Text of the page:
Anti-infective therapy refers to drugs that are capable of either killing infections or preventing their further spreading. Among anti-infectives, there are several types of drugs, and antibiotics go first on the list. Besides those, antibacterials, antivirals, and antifungals belong to this group as well. In some cases, anti-infectives are irreplaceable. However, if a patient can avoid their usage, it is better to take this chance. The first part of this paper focuses on the different implications of anti-infectives in present-day medicine; the second part discusses how adjunctive therapy can help in this situation.
The use of such kinds of medications has many drawbacks. However, the most serious ones are the side effects and the high levels of infections resistance.
The side effects of anti-infectives vary widely. There are mild ones as stomach upset or nausea, as well as more severe, such as rashes, breath shortages, and others (ANTI-INFECTIVES, 2015, para. 6). However, it is not the question of what those adverse effects are (because almost every medication has its possible side effects); it is the question of how often they appear. According to the study conducted by Gholami, Parsa, Shalviri, Sharifzadeh, and Assasi (2005), 38 out of 460 patients were taking anti-infective drugs (at least one) complained about adverse reactions, 20 of which (42%) were severe. The same study showed that the majority of all adverse effects were induced by antifungal and antituberculosis agents (Gholami et al., 2005).
Another serious problem is that many infections have already developed various levels of resistance to anti-infective medicines. As an example, the resistance rate of malaria to chloroquine can be up to 82%, pneumonia’s and gonorrhea’s resistance rates to penicillin are 0%–70% and 5%–98% respectively, etc. (Heymann, 2006, p. 671). This problem costs not only enormous amounts of money but people’s lives as well. As Heymann states, “more than 14 million humans continue to die each year from infectious diseases, mostly in developing countries” (Heymann, 2006, p. 671). And all of this is because of high resistance levels to cures that dangerous and widespread infections have developed.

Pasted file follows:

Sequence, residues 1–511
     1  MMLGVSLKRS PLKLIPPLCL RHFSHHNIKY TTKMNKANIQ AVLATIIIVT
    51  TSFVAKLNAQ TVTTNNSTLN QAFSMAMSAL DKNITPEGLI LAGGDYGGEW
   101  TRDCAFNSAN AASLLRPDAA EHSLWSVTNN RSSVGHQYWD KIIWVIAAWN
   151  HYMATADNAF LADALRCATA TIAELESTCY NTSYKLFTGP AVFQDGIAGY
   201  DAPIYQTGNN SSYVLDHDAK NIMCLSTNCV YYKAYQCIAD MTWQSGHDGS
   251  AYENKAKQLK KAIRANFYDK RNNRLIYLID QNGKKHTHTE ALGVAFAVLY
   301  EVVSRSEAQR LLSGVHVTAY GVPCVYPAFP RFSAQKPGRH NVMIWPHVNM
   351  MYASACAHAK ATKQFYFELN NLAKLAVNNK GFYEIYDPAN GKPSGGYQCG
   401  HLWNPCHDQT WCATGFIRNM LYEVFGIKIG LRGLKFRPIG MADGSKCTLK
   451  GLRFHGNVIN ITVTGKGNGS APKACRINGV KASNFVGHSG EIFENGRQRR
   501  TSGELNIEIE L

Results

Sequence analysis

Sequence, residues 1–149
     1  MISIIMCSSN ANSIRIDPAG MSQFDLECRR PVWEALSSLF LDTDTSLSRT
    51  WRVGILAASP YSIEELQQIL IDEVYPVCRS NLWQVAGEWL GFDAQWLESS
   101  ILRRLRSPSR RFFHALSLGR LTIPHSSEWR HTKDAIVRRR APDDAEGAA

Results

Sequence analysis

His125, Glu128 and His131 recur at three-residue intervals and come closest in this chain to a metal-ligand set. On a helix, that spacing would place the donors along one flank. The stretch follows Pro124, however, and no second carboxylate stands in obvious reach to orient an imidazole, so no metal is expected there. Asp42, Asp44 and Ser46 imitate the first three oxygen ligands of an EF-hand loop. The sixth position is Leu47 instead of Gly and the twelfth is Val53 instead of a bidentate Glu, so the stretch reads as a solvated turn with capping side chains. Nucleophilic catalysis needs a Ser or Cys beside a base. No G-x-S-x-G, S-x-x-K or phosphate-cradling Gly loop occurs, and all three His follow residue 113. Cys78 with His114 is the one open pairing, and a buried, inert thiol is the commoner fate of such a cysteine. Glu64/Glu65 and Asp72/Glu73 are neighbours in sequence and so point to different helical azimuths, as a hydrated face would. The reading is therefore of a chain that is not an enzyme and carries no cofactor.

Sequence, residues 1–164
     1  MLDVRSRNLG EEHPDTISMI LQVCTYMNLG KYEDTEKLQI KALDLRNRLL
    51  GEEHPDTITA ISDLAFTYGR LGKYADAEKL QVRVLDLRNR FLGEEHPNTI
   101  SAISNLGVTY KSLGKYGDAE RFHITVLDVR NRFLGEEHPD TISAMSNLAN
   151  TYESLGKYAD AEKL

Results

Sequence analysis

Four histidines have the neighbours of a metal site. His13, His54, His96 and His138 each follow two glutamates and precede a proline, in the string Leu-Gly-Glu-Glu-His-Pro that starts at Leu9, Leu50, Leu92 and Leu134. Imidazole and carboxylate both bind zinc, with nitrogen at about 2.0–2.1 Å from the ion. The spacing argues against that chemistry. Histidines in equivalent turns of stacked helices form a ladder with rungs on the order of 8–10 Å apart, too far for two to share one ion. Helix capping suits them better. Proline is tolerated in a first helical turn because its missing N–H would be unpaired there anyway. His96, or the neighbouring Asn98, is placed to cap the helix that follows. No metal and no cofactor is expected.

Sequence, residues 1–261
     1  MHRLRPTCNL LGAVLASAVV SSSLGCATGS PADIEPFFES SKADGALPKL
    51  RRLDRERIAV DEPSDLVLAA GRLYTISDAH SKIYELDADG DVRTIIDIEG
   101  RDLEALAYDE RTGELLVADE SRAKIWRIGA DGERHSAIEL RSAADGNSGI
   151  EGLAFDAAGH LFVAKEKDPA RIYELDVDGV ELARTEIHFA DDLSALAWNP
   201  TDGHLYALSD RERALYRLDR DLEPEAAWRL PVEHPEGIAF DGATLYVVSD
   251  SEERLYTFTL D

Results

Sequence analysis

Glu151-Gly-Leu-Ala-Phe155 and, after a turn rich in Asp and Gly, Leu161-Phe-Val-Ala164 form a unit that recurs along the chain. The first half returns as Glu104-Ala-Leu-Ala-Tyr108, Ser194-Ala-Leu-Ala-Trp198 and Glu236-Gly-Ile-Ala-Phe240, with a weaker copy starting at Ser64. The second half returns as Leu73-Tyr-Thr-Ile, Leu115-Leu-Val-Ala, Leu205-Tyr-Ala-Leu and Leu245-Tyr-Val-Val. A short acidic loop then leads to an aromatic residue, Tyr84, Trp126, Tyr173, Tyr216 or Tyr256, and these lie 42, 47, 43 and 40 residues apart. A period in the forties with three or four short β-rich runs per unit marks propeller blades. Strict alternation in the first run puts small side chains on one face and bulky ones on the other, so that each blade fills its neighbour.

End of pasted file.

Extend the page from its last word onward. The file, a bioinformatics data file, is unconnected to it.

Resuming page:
Most commonly, infections are treated with the help of different therapies. It means that there are two principal solutions: use several anti-infectives or use the minimum number of those together with adjunctive treatment (which can be defined as an addition to the primary one). Since the first option is fraught with unpredictable drug interactions, which will heighten the risk of adverse effects, the second one is preferable.
Adjunctive treatment can minimize the negative impacts of the use of anti-infectives. First of all, some of them boost immunity and, consequently, help to avoid adverse effects. Secondly, a particular type of adjuvant is aimed to lower the resistance levels of various infections. Anti-infective adjuvants can be defined as the “compounds that make bacteria more susceptible” to the treatment (Farha & Brown, 2013, p. 120). What is even more important, the resistance rates are only half of the problem. To develop resistance, infections mutate and even blend, which, in its turn, can cause the emergence of entirely new diseases. Anti-infective adjuvants can reduce the risk of mutation, which makes them even more valuable (Bernal, Molina-Santiago, Daddaoua, & Llamas, 2013, p. 446). However, this field of study is still growing.
To conclude, the use of anti-infective drugs can be dangerous because of frequent adverse effects and high resistance rates that different infections have developed. Adjunctive treatment can noticeably improve the situation. However, if there is an opportunity to avoid anti-infectives, it is better to do this.
ANTI-INFECTIVES. (2015). Web.
Bernal, P., Molina-Santiago, C., Daddaoua, A., & Llamas, M. A. (2013). Antibiotic adjuvants: identification and clinical use. Microbial Biotechnology, 6(5), 445–449.
Farha, M. A., & Brown, E. D. (2013). Discovery of antibiotic adjuvants. Nature Biotechnology, 31(2), 120-122.
Gholami, K., Parsa, S., Shalviri, G., Sharifzadeh, M., & Assasi, N. (2005). Anti-infectives-induced adverse drug reactions in hospitalized patients. Pharmacoepidemiology and Drug Safety, 14(7), 501-506.
Heymann, D. L. (2006). Resistance to Anti-Infective Drugs and the Threat to Public Health. Cell, 124(4), 671-675.